Psychological therapies for the management of chronic pain (excluding headache) in adults
Eccleston, C., Williams, A. C. d. C. and Morley, S., 2009. Psychological therapies for the management of chronic pain (excluding headache) in adults. The Cochrane Library, 2009 (2).
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BACKGROUND: Psychological treatments are designed to treat pain, distress and disability, and are in common practice. No comprehensive systematic review has been published since 1999. OBJECTIVES: To evaluate the effectiveness of psychological therapies on pain, disability, and mood. SEARCH STRATEGY: Randomised controlled trials (RCTs) of psychological therapy were identified by searching MEDLINE, EMBASE and Psychlit and CENTRAL from the beginning of each abstracting service until January 2008. A further search was undertaken from January 2008 to August 2008. Additional studies were identified from the reference lists of retrieved papers and from discussion with investigators. SELECTION CRITERIA: Full publications of RCTs of psychological treatments compared with an active treatment, waiting list or treatment as usual. Studies were excluded if the pain was primarily headache, or was associated with a malignant disease. Studies were also excluded if the number of patients in any treatment arm was less than 10. DATA COLLECTION AND ANALYSIS: Fifty-two studies were examined with a quality rating scale specifically designed for use with these studies. Data were extracted from 40 studies (4781 participants) by two authors. Two main classes of treatment (Cognitive Behavioural Therapy (CBT) and Behaviour Therapy (BT)), were compared with two control conditions (Treatment as Usual (TAU) and Active control (AC)), at two assessment points (immediately following treatment and six months following treatment), giving eight comparisons. For each comparison, treatment effectiveness was assessed on three outcomes: pain, disability, and mood giving a total of 24 analyses. MAIN RESULTS: Overall there is an absence of evidence for BT, except for pain immediately following treatment compared with TAU. CBT has some small positive effects for pain, disability and mood. At present there is insufficient data on quality or content of treatment to investigate their influence on outcome. The quality of the trial design has improved over time but the quality of treatments has not. AUTHORS' CONCLUSIONS: CBT and BT have weak effects in improving pain. CBT and BT have minimal effects on disability associated with chronic pain. CBT and BT are effective in altering mood outcomes, and there is some evidence that these changes are maintained at six months.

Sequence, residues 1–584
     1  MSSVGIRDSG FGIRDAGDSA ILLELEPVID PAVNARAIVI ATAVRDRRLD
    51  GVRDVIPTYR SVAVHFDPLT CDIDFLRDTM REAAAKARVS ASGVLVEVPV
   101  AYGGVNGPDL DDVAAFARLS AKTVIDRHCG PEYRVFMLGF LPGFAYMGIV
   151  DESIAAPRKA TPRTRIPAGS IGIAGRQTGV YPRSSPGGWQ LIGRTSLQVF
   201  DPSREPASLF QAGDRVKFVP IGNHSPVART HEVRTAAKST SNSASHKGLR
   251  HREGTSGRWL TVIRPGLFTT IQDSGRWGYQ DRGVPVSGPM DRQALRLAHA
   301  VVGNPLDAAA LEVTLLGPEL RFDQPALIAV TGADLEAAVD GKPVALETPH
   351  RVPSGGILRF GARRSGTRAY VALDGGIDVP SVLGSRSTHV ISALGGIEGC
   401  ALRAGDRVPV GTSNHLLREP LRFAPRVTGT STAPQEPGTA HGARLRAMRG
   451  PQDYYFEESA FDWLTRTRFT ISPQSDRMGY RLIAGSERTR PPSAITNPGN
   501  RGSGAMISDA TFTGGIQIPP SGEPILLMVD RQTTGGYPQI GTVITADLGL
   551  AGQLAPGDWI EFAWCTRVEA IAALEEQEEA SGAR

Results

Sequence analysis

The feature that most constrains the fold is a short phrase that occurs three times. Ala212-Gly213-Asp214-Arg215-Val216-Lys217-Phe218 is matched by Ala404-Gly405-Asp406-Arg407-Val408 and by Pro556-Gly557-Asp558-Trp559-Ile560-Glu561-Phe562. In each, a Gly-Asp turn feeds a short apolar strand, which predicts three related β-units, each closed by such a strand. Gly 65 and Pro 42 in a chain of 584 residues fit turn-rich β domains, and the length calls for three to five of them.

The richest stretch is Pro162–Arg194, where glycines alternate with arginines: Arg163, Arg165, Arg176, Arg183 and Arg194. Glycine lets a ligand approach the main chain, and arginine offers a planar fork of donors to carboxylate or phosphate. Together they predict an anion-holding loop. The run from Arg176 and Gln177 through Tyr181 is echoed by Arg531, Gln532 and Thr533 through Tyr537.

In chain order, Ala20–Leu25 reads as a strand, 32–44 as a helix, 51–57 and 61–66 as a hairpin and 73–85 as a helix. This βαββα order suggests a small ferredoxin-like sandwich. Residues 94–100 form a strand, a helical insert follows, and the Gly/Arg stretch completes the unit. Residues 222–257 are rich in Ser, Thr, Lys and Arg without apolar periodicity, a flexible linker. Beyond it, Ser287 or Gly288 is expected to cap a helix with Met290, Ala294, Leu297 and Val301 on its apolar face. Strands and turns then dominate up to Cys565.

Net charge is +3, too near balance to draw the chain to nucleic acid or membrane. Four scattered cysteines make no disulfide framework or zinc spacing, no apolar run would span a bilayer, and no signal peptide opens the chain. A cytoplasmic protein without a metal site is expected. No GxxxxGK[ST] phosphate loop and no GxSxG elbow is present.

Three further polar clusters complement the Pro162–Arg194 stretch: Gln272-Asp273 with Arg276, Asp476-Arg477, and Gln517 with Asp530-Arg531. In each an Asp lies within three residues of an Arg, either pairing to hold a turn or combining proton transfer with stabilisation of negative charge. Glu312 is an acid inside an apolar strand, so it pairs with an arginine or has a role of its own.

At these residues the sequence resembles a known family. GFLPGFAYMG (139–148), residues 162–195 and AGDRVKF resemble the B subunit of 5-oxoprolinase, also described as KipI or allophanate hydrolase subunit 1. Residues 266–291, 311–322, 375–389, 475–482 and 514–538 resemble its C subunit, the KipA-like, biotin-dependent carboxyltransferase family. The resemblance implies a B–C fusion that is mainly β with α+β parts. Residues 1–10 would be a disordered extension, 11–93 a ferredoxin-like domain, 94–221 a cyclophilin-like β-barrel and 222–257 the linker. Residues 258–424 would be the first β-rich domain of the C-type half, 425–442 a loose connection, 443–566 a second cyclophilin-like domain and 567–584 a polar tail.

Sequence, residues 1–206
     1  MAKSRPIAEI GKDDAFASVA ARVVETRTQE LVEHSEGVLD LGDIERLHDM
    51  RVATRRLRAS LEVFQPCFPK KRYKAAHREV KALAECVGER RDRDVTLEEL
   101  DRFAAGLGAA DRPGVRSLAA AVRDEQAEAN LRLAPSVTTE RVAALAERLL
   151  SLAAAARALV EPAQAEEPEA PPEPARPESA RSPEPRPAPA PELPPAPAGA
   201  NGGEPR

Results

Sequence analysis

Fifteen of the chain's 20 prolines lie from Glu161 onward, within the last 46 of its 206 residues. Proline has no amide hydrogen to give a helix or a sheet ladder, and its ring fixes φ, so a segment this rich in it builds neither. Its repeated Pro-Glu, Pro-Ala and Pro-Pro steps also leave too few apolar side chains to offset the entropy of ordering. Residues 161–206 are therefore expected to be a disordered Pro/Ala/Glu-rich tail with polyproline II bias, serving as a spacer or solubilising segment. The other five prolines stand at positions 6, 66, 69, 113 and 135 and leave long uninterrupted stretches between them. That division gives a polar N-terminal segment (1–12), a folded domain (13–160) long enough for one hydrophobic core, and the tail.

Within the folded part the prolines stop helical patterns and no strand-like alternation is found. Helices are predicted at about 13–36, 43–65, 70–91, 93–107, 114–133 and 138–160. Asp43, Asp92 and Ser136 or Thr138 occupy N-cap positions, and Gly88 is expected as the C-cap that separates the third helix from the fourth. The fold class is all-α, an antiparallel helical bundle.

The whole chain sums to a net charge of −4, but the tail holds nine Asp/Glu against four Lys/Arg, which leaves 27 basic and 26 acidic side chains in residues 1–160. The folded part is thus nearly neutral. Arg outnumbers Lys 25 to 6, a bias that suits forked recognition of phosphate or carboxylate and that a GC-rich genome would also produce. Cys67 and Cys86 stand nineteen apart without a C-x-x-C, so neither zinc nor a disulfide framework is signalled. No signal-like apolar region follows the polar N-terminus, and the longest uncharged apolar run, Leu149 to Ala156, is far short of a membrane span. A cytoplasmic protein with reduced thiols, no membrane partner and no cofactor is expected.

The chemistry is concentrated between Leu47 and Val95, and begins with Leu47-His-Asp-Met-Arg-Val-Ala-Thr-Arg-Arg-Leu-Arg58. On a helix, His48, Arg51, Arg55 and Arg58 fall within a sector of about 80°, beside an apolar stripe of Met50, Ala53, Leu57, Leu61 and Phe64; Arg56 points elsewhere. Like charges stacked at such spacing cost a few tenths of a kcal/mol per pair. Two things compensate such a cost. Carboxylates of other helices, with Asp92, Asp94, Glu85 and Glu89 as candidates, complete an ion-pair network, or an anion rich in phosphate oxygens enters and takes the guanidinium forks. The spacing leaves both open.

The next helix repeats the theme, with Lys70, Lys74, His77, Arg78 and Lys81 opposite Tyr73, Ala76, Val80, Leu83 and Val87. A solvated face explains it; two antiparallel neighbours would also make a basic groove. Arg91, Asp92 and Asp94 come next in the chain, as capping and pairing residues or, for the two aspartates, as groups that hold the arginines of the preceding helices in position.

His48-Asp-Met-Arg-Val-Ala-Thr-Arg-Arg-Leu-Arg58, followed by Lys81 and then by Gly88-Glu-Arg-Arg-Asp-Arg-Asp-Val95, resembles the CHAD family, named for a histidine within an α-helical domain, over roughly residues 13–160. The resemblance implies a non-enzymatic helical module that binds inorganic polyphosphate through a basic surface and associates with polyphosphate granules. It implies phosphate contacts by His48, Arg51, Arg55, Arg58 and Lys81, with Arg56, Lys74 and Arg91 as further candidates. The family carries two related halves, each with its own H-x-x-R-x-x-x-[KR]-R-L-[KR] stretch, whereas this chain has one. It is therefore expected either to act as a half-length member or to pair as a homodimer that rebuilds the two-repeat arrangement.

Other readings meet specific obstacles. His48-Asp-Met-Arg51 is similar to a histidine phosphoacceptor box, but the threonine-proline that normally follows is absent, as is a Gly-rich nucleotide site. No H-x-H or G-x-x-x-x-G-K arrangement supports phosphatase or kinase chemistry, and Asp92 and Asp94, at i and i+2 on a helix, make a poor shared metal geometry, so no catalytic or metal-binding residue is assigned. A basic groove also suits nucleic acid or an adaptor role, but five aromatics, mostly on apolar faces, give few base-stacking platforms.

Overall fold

|Creators||Eccleston, C., Williams, A. C. d. C. and Morley, S.|
|Departments||Faculty of Humanities & Social Sciences > Health|
|Research Centres||Centre for Pain Research|
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